12 Science-Backed Ways to Get People to Like You

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Whether you’re looking to get a promotion at work or hoping to expand your social circle, your success can depend on whether you’re liked or not.

Research undertaken by the University of Massachusetts proved that likability really matters. The study found that auditors could get managers to comply with their suggestions (even if the manager didn’t agree with their proposals) as long as they were likeable.

Luckily being likeable isn’t just a natural talent that some people are born with; it’s a skill you can learn. Patrick King, author of The Science of Likability: 27 Studies says it’s possible to “Learn how to subconsciously make yourself seem likable, trustworthy, and intelligent”.

So how do we make ourselves more likeable? As always, the answer lies in the science.

To help you make a great impression with friends and colleagues, we’ve reviewed the research into what makes people popular and selected the best science-backed tips.

Did you know that there’s a thing called ‘spontaneous trait transference,’ where a compliment that you give another person can be associated with you as well? So not only do you get to look generous for giving out compliments, but you also get the boost of people applying those same compliment-worthy traits to you.

Studies have also shown that ‘reciprocity of liking’, which is when you make it obvious you like the person you’re talking to, makes it easier for them to like you back. So simply liking people can help you become more likeable.

Of course, body language can be an important part of making a good impression. Be sure to smile and maintain open hand and body language (no crossed arms!). This will convey that you are sincere and welcoming.

Getting people to like you may take a little effort, but being liked can help you become more successful at work and in your personal life. So check out these 12 tips that will help you show people just how great you really are.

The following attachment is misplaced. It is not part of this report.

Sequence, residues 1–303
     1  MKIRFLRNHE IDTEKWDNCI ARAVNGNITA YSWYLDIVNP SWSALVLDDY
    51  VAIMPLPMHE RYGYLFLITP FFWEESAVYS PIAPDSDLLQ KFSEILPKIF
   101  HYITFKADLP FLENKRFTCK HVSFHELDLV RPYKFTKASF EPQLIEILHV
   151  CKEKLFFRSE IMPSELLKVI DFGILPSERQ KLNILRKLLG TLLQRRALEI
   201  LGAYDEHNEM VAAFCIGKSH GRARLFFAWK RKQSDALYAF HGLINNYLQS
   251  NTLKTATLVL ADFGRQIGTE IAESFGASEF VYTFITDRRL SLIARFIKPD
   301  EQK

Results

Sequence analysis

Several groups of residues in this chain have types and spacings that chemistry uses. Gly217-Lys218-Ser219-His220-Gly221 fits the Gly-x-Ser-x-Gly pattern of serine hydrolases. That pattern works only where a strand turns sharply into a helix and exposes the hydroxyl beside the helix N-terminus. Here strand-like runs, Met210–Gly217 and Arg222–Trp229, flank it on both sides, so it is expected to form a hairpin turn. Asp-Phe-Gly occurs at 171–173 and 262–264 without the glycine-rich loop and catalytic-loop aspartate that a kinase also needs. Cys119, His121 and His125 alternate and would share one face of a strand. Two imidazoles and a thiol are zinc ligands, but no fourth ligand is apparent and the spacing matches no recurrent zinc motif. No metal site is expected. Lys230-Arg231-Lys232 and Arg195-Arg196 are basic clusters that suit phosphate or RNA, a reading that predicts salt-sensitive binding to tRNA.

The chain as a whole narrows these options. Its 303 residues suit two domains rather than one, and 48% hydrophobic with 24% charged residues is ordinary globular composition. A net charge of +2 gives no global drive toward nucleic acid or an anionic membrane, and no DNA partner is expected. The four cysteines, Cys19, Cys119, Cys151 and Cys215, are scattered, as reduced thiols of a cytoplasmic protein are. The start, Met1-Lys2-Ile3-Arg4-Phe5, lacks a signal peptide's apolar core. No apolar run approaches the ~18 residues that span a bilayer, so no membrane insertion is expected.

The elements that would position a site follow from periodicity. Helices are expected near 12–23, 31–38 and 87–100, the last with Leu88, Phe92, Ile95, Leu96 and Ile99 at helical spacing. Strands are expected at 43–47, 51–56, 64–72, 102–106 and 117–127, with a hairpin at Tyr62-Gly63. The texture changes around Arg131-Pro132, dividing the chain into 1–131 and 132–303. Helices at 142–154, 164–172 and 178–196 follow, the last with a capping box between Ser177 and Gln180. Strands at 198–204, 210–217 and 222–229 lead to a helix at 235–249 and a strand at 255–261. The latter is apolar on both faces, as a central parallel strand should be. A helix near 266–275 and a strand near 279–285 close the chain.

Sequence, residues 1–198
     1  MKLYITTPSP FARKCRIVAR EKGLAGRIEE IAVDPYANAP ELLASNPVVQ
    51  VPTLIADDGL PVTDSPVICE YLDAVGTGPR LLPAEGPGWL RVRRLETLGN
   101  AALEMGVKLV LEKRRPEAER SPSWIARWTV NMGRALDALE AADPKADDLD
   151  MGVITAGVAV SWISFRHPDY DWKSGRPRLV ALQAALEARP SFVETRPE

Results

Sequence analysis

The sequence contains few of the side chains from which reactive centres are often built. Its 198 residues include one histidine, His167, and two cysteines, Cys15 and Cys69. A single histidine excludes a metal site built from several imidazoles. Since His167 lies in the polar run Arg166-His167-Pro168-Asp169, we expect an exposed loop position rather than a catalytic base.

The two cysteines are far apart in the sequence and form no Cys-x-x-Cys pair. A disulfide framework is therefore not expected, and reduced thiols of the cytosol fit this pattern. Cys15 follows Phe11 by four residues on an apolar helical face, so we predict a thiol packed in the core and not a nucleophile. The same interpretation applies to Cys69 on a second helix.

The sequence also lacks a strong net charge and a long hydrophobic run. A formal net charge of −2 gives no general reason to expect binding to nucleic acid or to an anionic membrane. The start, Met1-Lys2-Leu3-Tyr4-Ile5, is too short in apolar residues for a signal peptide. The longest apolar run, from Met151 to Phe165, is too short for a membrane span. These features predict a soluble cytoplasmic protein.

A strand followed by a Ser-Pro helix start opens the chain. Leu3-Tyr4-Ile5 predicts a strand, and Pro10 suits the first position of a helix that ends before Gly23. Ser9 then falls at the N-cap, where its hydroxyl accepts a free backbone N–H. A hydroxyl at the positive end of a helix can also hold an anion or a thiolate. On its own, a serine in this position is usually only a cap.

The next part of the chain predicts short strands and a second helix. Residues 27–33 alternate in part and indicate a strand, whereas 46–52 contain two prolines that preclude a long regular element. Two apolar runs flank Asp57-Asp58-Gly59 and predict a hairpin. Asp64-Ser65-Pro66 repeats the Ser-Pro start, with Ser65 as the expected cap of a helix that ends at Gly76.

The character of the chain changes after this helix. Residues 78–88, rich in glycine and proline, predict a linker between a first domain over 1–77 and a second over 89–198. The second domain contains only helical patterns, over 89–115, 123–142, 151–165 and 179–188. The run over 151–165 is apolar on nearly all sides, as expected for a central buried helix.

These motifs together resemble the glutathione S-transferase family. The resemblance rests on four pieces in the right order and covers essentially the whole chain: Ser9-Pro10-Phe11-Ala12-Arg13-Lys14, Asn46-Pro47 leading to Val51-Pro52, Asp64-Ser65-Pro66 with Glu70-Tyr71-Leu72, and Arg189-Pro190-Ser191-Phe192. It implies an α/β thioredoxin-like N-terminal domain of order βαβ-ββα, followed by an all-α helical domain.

12 Science-Backed Ways to Get People to Like You Infographic


  1. Fanning, Kirsten and Piercey, M. David. (2014) Internal Auditors’ Use of Interpersonal Likability, Arguments, and Accounting Information in a Corporate Governance Setting. papers.ssrn.com
  2. King, P. (2017) The Science of Likability: 27 Studies to Master Charisma, Attract Friends, Captivate People, and Take Advantage of Human Psychology.
  3. 3. Newcomb, T. M. (1956) The prediction of interpersonal attraction. psycnet.apa.org
  1. Dale Carnegie Training. (2012) Dale Tip # 6: A person’s name is the sweetest sound. dalecarnegieboston.tumblr.com
  2. Chartrand, T. L., Brand, J.A. (1999) The Chameleon Effect: The Perception-Behavior Link And Social Interaction. faculty.fuqua.duke.edu
  3. Mae, L., Carlston, D. E., & Skowronski, J. J. (1999) Spontaneous trait transference to familiar communications: Is a little knowledge a dangerous thing? psycnet.apa.org
  4. Brodwin, E. (2015) These are the questions one writer says can make you fall in love with a stranger. businessinsider.com
  5. Cottrell, C.A., Neuberg, S.L., Li, N. P. (2007) What Do People Desire in Others? A Sociofunctional Perspective on the Importance of Different Valued Characteristics. library.smu.edu
  6. Treger, S. Sprecher, S. Erber, R. (2013) Laughing and liking: Exploring the interpersonal effects of humor use in initial social interactions. wiley.com
  7. Backman, C.W., Secord, P.F. (1959) The Effect of Perceived Liking on Interpersonal Attraction. journals.sagepub.com
  8. Vacharkulksemsuk, T., Reit, E. et al. (2016) Dominant, open nonverbal displays are attractive at zero-acquaintance. pnas.org
  9. Goulston, M., Ullmen, J. (2013) Are You Listening? amanet.org
  10. McGinley, H. McGinley, P, Nicholas, K. (1978) Smiling, body position, and interpersonal attraction. springer.com

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